Earlier this week we learned that nine year Republican incumbent Adam Hamm would not be seeking a third term as Insurance Commissioner.
“That’s a lot of time dealing with Obamacare on a daily basis, dealing with fallout from Dodd-Frank which had an impact on insurance,” he told me. “It’s time to let someone else serve.”
So far Democrats have announced a potential candidate for the race, but I can report that at least one potential Republican candidate is considering. State Senator Jon Casper, who represents District 27 in Fargo, has told me he’s thinking of running for the slot.
[mks_pullquote align=”right” width=”300″ size=”24″ bg_color=”#ffffff” txt_color=”#000000″]”I’m very happy right now with my career and the opportunity to serve in the ND Senate; that being said, I’m humbled to have had a number of leaders across ND encourage me to run, so I’m going to give the position and potential campaign serious thought,” he told me via email this evening.[/mks_pullquote]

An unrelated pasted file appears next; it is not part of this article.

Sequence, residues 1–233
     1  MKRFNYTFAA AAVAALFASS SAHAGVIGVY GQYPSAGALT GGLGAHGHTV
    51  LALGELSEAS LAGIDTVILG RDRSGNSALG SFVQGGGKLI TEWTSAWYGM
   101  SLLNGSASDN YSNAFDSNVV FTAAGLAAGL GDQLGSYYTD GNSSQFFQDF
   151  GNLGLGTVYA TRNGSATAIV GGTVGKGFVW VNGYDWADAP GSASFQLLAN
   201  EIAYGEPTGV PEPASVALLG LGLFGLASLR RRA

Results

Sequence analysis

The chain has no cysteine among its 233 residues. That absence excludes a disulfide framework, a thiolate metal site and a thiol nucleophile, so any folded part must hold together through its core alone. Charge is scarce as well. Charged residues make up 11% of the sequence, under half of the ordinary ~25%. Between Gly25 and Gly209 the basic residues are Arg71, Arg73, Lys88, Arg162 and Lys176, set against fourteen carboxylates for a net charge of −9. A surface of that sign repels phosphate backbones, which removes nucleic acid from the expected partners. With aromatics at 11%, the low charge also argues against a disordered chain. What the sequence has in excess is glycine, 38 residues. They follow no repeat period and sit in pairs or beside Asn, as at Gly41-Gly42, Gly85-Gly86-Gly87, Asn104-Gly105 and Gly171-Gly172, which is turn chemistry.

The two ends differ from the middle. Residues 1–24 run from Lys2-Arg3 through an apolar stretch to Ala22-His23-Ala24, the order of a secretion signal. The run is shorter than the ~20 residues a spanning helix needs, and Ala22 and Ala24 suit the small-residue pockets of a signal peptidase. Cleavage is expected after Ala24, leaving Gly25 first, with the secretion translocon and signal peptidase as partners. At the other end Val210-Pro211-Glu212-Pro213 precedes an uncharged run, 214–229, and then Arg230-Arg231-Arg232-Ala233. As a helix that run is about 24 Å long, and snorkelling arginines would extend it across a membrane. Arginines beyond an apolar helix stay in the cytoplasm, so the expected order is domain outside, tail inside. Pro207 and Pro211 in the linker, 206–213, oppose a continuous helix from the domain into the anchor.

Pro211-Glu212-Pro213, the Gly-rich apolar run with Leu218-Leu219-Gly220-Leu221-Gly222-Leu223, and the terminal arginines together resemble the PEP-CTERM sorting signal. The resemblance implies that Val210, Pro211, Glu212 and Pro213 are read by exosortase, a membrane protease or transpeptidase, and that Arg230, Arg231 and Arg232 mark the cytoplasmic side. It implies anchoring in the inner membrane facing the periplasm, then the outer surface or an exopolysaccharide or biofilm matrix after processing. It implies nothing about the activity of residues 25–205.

“I’m very happy right now with my career and the opportunity to serve in the ND Senate; that being said, I’m humbled to have had a number of leaders across ND encourage me to run, so I’m going to give the position and potential campaign serious thought,” he told me via email this evening.
Casper was first elected to his seat in 2014, and completed his first session in the state Senate earlier this year. He works as an attorney in Fargo, and worked for former Congressman Rick Berg during his one term in the U.S. House.
The Insurance Commissioner slot is one that, like most state offices in North Dakota, has historically been dominated by Republicans. Out of the 21 Insurance Commissioners to serve the State of North Dakota since statehood in 1889 just 4 have been Democrats.
Two Democrats, former U.S. Congressman Earl Pomeroy and Glenn Pomeroy, teamed up to hold the office from 1985 to 2000. Democrat Byron Knutson held the office for one term, from 1977 to 1980. Before that no Democrat had held the seat since James Cudhie held it for the Demcoratic-Independent Party from 1893-1894.
Hamm’s immediate successor was Republican Jim Poolman who stepped down to work in the private sector in 2007 and is currently the Vice Chariman of the NDGOP.